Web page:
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Tokyo Cabinet: All content tagged as Tokyo Cabinet in NoSQL databases and polyglot persistence

Tokyo Tyrant / Tokyo Cabinet, un key-value store à la Japonaise (French)

Today is definitely the day of French NoSQL articles, this one being the second I’m posting already after NoSQL with HBase.

Lors d’un bench que j’ai effectué sur le produit, je me suis aperçu que le load average de mon serveur hébergeant Tokyo Tyrant et Tokyo Cabinet était anormalement élevé… Pas à cause du CPU, mais à cause du disque qui ne répondait pas assez vite aux I/O débités par la Tokyo Team… Pensez à bien choisir votre système de fichier dans ce cas (type – EXT3, XFS, … -, journalisé ou non, options de montage, …) et n’hésitez pas à mettre du RAID0, par exemple, pour optimiser les performances en lecture/écriture ou bien à répartir les écritures des différents fichiers physiques (données, ulogs, …) sur différents disques.

The above quote mentions the results of a benchmark showing some load caused not by CPU but by I/O and

For non-Frech readers, the article is an introduction to Tokyo Cabinet and Tokyo Tyrant. It makes repeated references to the Ilya Grigorik’s presentation: ☞ Lean & Mean Tokyo Cabinet Recipes (33min):

[Lua] is a mix of Ruby and Javascript… well, at least of the bad parts



Non-relational data stores for OpenSQL Camp

Igal Koshevoy has made available through Github his presentation on “Non-relational data stores for OpenSQL Camp: Overview, coding and assessment: MongoDB, Tokyo Tyrant & CouchDB”.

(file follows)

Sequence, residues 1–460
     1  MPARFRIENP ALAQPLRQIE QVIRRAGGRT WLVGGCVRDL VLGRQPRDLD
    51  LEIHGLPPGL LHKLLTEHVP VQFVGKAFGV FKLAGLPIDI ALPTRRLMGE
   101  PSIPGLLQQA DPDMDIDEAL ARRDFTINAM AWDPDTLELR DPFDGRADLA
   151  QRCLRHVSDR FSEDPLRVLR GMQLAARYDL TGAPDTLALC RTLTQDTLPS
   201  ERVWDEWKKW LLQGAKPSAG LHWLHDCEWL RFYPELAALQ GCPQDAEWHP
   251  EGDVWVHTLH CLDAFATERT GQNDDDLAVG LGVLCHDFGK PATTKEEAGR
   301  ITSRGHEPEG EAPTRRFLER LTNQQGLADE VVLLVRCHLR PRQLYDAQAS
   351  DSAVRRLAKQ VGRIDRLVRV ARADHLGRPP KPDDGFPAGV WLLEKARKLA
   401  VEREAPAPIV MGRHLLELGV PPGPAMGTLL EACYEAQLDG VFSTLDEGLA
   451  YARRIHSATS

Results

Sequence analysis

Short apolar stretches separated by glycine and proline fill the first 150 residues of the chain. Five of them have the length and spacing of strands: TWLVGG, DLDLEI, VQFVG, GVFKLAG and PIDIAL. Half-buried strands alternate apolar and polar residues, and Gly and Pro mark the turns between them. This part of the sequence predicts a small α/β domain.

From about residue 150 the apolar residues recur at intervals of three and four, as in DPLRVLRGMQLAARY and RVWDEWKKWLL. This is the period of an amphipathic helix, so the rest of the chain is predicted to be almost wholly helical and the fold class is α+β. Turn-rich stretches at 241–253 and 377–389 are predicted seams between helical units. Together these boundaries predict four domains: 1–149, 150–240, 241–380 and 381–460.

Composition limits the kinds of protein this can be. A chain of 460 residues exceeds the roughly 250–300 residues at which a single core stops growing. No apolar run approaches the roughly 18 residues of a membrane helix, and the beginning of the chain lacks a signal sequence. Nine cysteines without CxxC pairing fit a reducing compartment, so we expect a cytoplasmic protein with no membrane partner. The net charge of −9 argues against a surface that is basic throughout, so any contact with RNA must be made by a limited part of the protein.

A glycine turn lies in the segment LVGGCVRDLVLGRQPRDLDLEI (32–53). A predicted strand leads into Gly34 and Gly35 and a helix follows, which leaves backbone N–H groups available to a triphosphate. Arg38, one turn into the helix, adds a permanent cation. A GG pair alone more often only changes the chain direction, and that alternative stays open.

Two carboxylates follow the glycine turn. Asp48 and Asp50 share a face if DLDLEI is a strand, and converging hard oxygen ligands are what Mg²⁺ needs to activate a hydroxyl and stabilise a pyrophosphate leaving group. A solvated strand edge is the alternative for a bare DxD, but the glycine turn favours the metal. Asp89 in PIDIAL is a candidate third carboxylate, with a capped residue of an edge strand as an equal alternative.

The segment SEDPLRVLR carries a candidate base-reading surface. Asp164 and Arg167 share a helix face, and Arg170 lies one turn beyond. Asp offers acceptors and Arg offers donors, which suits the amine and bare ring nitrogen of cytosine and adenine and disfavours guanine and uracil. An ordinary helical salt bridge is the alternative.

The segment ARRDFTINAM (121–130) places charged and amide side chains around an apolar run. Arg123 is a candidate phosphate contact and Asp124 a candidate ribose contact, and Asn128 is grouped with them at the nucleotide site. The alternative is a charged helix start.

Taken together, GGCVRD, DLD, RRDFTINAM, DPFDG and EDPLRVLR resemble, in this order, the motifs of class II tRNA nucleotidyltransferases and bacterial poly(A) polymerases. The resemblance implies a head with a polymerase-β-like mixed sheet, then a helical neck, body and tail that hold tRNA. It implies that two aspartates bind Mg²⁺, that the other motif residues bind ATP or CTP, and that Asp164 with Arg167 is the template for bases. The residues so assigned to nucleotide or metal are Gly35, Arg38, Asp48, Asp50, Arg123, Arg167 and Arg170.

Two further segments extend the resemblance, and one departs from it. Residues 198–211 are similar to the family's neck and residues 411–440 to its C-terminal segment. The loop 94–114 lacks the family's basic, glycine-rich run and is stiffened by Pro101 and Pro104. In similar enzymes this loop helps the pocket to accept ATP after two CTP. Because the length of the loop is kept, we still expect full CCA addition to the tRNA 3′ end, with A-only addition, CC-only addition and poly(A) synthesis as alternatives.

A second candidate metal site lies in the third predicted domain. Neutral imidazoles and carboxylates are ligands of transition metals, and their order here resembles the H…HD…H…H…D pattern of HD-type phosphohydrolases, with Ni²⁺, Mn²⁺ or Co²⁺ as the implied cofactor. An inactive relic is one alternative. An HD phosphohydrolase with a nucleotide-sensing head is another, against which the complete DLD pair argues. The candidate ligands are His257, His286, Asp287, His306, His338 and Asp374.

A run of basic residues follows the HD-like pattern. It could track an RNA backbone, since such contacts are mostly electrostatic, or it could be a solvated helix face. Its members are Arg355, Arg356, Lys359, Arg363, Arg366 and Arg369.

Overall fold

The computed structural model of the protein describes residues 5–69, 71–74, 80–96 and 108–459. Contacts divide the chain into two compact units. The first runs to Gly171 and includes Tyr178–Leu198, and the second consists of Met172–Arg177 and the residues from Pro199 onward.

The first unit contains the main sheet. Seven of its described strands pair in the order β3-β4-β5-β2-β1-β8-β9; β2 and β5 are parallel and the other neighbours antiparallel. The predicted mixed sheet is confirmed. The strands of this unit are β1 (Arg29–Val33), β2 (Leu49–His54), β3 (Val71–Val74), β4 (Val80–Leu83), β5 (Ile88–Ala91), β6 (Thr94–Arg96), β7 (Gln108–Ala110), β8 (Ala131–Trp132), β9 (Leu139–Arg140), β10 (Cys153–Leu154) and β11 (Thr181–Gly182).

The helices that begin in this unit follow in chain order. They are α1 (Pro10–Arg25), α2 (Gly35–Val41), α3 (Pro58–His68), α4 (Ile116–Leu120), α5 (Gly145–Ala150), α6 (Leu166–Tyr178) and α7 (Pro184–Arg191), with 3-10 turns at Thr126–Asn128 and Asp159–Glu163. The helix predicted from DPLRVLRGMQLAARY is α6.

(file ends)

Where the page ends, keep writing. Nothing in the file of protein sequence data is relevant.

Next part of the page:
After a short presentation of the relational and non-relational worlds, Igal jumps to presented pros and cons for each of the MongoDB, Tokyo Tyrant and CouchDB, includes code snippets for all basic operations and completes with some benchmarking results. You can read the presentation embedded below (update: it looks like Google embed doesn’t work with this document or GitHub is not allowing access to it): so for the moment you can access it in PDF format ☞ here.

NoSQL: Distributed and Scalable Non-Relational Database Systems

NoSQL makes it in the Linux Magazine:

There’s an interesting shift happening in the world of Web-scale data stores. A whole new breed of scalable data stores is gaining popularity very quickly. The traditional LAMP stack is starting to look like a thing of the past. For a few years now, memcached has often appeared right next to MySQL, and now the whole “data tier” is being shaken up.

The article enumerates a couple of the solutions we came to become very interested in: Redis, Tokyo Cabinet, CouchDB, Riak, etc.